Training Methods And Drills For Sport, Hunting, Selfdefence And Long Range Shooting

Dry Fire Firearm Training

Dry firing  training is the practice of "firing" a firearm without ammunition or practicing the manipulation of a firearm with an inert training platform such as a MantisX. If done incorrectly, dry firing may be mechanically damaging to some firearms – especially rimfire weapons, where the firing pin in most designs will impact the breech face if the weapon is dry-fired. Because of this, precautions (such as the use of snap caps) need to be taken if such a weapon is to be deliberately dry-fired.


There are many benefits to dry firing. Learning is faster and can be safer with dry fire. It's easier to practice without developing a flinch. Dry fire allows shooters to practice in locations where they couldn't practice with live ammo. You can practice grip, drawing, sight alignment, trigger control, reloads, malfunctions, and more during dry fire practice. The technique allows people to conduct a safe, economical form of training to improve their shooting skills. An emphasis is placed on safety to prevent an accidental discharge. Training should be conducted in an area with no ammunition and with a suitable backstop.[1]

In recent years, a number of companies have developed methods of enhancing dry fire practice to improve skills. Products that fire a laser, as opposed to a solid projectile, have become increasingly popular. These include chamber inserts available for various caliber firearms, as well as dedicated training pistols or replacement AR-15 bolt carrier groups. There are also a number of target systems for these laser dry fire training aides and electronic devices combined with smart application such as MantisX , that are becoming more affordable and popular. These products help people get more from dry fire practice by providing feedback on shot placement and times, and make dry fire a more enjoyable experience. In addition, there are training aids such as training cards that provide shooters a variety of drills to do that will help them develop skills that will carry over to live fire.[2]

Dry practice (dry fire training) can be boring and monotonous if you don't add in new drills once in a while.  It's also important that you include new drills to make sure you are preparing for a variety of circumstances.  Here is a specially prepared list of some of our favorite dry practice drills, and variations on drills you probably already do.  We do these regularly in our dry practice/dry fire training and they've helped us improve.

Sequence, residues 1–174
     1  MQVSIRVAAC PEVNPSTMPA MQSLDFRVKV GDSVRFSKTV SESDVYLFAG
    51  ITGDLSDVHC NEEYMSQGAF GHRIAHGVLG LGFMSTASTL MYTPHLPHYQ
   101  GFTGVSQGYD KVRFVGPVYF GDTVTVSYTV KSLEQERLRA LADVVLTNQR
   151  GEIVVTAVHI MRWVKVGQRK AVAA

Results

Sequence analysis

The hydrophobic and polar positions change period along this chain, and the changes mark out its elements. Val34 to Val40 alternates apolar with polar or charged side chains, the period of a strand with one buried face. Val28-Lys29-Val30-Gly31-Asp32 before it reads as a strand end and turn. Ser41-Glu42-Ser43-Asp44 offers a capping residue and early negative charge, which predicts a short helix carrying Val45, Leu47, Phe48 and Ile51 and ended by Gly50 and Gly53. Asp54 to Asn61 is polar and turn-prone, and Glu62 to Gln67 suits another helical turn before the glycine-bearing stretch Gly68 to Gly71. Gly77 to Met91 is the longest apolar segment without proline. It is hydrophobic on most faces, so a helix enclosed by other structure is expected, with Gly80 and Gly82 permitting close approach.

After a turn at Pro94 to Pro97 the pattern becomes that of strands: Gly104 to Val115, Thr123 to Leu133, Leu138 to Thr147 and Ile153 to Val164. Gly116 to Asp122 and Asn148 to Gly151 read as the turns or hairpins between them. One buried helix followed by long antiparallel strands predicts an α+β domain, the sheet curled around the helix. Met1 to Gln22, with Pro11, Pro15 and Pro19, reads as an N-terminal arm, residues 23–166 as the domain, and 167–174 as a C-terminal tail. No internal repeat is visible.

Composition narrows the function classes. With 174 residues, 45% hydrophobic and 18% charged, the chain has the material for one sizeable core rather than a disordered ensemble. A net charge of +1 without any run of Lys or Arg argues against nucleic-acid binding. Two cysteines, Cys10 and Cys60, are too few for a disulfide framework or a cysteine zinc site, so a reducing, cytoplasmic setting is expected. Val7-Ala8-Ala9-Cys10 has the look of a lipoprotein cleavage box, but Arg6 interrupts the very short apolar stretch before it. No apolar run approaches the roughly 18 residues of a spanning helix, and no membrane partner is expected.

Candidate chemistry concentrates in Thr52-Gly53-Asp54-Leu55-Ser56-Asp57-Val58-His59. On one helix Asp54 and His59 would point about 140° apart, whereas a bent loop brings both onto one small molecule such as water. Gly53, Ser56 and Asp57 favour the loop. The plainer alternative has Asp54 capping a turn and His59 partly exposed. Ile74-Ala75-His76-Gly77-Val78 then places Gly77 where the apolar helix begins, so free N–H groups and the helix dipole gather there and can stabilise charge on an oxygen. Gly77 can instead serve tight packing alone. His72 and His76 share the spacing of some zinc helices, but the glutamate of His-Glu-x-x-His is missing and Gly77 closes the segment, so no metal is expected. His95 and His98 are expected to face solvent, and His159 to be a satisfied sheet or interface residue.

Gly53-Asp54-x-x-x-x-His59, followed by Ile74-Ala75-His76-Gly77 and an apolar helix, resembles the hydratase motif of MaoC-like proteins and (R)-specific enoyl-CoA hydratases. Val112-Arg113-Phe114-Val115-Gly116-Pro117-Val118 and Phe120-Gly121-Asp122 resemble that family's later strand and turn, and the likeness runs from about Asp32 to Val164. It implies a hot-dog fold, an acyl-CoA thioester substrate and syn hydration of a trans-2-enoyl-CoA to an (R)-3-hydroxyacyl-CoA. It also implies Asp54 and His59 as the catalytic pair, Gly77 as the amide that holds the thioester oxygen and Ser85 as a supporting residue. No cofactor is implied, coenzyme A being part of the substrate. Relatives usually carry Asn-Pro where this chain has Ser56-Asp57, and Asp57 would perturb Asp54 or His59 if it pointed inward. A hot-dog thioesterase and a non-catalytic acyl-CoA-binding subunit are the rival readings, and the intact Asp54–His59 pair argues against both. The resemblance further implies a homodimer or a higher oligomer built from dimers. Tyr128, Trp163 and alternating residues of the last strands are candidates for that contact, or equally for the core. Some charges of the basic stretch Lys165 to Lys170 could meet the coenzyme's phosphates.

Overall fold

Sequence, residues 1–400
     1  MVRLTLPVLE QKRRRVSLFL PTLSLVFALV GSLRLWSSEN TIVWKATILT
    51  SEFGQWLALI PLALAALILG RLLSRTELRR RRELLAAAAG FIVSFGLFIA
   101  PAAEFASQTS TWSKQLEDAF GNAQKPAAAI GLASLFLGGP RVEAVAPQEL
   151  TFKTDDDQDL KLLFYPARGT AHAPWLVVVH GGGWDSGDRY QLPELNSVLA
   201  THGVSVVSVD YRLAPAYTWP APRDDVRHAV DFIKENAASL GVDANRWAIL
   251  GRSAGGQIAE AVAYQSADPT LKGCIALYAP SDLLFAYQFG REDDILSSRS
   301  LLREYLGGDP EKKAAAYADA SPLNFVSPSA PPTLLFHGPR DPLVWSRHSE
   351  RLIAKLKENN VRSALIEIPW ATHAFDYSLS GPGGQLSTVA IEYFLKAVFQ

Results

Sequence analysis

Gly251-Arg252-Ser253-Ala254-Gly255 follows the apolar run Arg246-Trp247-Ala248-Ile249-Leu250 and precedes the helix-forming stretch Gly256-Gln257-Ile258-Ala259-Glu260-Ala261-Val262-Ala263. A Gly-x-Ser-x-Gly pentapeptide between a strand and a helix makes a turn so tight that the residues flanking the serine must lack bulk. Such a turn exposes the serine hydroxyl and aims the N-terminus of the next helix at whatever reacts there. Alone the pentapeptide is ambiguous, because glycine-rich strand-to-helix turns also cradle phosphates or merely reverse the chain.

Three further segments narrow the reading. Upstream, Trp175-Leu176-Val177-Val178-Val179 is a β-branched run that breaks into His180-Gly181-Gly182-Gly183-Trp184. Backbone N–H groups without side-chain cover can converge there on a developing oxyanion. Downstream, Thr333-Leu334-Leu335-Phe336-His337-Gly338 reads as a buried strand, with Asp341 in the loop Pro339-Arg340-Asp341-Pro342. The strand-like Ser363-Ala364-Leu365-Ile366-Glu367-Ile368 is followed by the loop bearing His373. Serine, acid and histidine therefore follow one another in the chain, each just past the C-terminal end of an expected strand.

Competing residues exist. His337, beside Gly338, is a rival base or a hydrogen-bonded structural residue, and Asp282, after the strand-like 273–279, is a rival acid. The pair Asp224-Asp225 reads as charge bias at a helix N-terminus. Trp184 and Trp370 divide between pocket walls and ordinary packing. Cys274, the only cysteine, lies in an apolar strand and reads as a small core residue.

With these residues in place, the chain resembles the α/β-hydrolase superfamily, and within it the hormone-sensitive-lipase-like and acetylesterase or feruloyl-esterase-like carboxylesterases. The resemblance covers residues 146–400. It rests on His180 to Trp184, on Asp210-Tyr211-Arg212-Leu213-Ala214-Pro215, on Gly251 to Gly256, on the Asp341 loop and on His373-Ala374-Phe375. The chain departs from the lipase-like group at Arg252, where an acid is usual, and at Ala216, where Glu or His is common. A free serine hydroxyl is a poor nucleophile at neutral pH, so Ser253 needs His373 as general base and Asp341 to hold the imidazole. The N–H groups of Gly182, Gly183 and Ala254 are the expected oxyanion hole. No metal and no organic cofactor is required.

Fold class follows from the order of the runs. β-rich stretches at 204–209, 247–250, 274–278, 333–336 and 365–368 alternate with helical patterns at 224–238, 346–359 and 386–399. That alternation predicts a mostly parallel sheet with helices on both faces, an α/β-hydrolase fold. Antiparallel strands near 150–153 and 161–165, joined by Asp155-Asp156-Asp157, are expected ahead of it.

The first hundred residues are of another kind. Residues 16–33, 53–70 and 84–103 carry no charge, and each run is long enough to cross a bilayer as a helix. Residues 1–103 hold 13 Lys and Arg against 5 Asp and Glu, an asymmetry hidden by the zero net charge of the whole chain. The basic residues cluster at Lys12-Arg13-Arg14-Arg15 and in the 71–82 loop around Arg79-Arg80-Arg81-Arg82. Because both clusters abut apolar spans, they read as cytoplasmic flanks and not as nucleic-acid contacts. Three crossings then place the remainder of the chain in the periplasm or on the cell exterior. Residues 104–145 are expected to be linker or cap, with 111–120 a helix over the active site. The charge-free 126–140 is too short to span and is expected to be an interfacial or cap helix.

A MantisX is not necessary to perform these drills, although we highly recommend using one!  

List of Dry Fire Training  Drills

Perfect Trigger Control

Take your time pressing the trigger.  Watch your sights to make sure they do not move when the shot breaks. (And use a MantisX for instant, actionable feedback!)

  • Perfect trigger control
    Take your time, this is to fine tune your trigger control.
  • Compressed surprise break
    On the signal from the buzzer, press the trigger smoothly, as quickly as you can while maintaining perfect control. 
  • Primary hand only
  • Support hand only

Presentation and surprise break

Safely present the gun to the target, acquire your sight picture, and achieve a surprise break. Work on speeding up over time. Only go as fast as you can do it safely.

  • Target in front
    All draws can also be performed from concealment.
  • Target 90 degrees to the right
    Pivot as desired.
  • Target 90 degrees to the left
  • Support hand only (with primary side holster)
    Draw the firearm with only your support hand.
  • Draw from sitting, target in front
    You can stand for the shot or remain seated.
  • Draw from sitting, target 90 degrees to the right
  • Draw from sitting, target 90 degrees to the left
  • Draw from sitting at a table, target to the rear
    Pivot and stand during presentation, maintaining muzzle control.
  • Draw from behind cover
    Use right and left side cover. Practice standing and kneeling.
  • Draw while laying on your back, targets in all 4 directions
  • Draw and fire with Harris Flashlight Technique
    Draw the flashlight and the pistol in the same motion. Make sure not to muzzle your flashlight hand.
  • Shot from the guard
    With your firearm in the guard position, bring the gun onto the target and fire.
  • Shot from hoster to Close Contact
    Draw only to Close Contact.  

Malfunction Clearing and reloading

Use dummy rounds to set up the malfunctions. All of these can and should be practiced one handed as well.

  • Type I Malfunction (Misfire)
  • Type II Malfunction (Failure to Eject)
  • Type III Malfunction (Feedway Stoppage)
  • In Battery Reload
    In battery = slide forward.
  • Out of Battery Reload
    Out of battery = slide locked to the rear.
  • Tactical Reload
    A tactical reload occurs when there is still ammunition in the magazine being removed from the gun.

Malfunction clearing and reloading in the dark

Simulate effective malfunction clearance and reloading in the dark. Use dummy rounds to set up the malfunctions.  Close your eyes or blindfold yourself to simulate low light conditions.

  • Type II malfunction clearance in the dark
  • Type III Malfunction Clearance in the dark
  • In Battery Reload in the dark
    In battery = slide forward.
  • Out of Battery Reload in the dark
    Out of battery = slide locked to the rear.
  • Tactical Reload in the dark
    A tactical reload occurs when there is still ammunition in the magazine being removed from the gun.

Weapon Transition

  • Retrieve a rifle from the safe and fire one shot
    This drill should be timed.
  • Transition from rifle
    Simulate transition to pistol when rifle is no longer operable.